In a dawn swoop, Apr 6, South African police and troops, with armoured cars standing by, raided a huge hostel at Lamontville, Durban, where 5,000 Africans had been living for three days in a state of siege.
GV. Crowd outside hostel.
SV. Troops move in.
GV Natives look on.
SV. Military move along with seized weapons.
SV Cart-load of spikes.
SV. Armoured car.
SV. Native police move in.
GV. Police stand by.
CU. Weapons in cart.
CU. Weapons (3 shots)
CV. Man handles axe.
CU. Policeman holds weapon.
SEQUENCE OF SHOTS showing administration offices partly destroyed by fire.
GV. Natives mill, around (2 shots)
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Background: In a dawn swoop, Apr 6, South African police and troops, with armoured cars standing by, raided a huge hostel at Lamontville, Durban, where 5,000 Africans had been living for three days in a state of siege.
S.J. Smith Native Hostel, housing a large African labour force, has been the scene of wild disorders, with clashes between demonstrators and police, and among opposing factions of Africans.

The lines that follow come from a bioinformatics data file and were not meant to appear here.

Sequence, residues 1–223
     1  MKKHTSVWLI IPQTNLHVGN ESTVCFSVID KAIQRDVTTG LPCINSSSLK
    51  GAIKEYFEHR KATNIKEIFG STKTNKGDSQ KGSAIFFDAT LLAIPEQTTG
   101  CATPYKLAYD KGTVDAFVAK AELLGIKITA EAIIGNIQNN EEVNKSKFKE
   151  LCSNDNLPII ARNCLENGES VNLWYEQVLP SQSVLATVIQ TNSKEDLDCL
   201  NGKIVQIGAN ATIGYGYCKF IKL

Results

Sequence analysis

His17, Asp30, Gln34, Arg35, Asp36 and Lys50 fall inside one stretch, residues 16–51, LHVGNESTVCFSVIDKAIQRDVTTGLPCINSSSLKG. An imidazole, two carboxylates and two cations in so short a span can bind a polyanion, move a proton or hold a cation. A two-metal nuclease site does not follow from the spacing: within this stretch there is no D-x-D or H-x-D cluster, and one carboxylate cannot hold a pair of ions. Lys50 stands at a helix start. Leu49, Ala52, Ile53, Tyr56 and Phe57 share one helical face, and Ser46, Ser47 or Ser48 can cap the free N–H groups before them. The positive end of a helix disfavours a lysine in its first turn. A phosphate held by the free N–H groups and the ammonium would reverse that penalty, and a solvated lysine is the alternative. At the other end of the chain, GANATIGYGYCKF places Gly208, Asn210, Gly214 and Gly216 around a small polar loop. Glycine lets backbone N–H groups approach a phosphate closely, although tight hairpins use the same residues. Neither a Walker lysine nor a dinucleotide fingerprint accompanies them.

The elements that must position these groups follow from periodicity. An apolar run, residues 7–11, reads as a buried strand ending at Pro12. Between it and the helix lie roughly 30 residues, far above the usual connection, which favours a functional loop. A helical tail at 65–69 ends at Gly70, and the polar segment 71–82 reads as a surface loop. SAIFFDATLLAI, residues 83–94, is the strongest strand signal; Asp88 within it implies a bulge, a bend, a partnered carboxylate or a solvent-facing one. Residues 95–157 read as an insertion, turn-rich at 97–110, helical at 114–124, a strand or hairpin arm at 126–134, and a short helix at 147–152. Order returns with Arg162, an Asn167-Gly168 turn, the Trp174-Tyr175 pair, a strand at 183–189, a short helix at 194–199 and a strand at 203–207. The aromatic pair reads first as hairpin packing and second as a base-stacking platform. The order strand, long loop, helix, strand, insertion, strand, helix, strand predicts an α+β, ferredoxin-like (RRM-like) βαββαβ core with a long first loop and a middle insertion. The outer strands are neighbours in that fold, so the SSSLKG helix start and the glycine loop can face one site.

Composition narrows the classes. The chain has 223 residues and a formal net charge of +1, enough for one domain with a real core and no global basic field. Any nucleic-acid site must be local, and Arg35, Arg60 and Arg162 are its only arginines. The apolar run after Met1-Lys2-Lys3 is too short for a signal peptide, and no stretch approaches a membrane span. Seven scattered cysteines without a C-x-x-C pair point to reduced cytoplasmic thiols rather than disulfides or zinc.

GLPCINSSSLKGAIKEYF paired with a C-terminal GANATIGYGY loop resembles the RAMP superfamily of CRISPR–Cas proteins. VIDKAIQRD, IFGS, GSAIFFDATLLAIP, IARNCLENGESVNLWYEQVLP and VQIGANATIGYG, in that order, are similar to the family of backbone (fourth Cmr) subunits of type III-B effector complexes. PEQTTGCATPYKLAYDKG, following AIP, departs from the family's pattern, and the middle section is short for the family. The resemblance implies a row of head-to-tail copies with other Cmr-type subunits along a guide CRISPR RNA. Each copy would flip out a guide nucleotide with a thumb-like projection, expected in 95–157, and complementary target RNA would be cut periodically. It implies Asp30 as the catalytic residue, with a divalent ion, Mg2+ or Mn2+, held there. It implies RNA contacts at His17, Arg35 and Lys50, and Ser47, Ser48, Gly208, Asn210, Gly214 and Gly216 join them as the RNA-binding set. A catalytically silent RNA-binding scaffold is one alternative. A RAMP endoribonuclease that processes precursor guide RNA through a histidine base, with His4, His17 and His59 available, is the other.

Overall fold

After gaining control of the hostel, police arrested about 300 Africans alleged to have been leaders of unrest and intimidation. Thousands of weapons were seized, including shields and assegais, sticks, knives, knobkerries, and home-made battleaxes.
The action followed encounters between security forces and crowds of Africans in the neighbouring location, when mobs molested fellow Africans returning from work. In these clashes, one African was killed and four wounded by rifle fire; many were injured in baton charges.
Another search for weapons was carried out at Nyanga, Cape Town, Apr 7, and more than 100 Europeans, Africans and Asians were arrested during night raids in Cape Town, Johannesburg, Durban, Pretoria and Port Elizabeth. In Johannesburg, Apr 8, scores of Africans were detained for not carrying pass books. They were then released and given a week to produce the documents.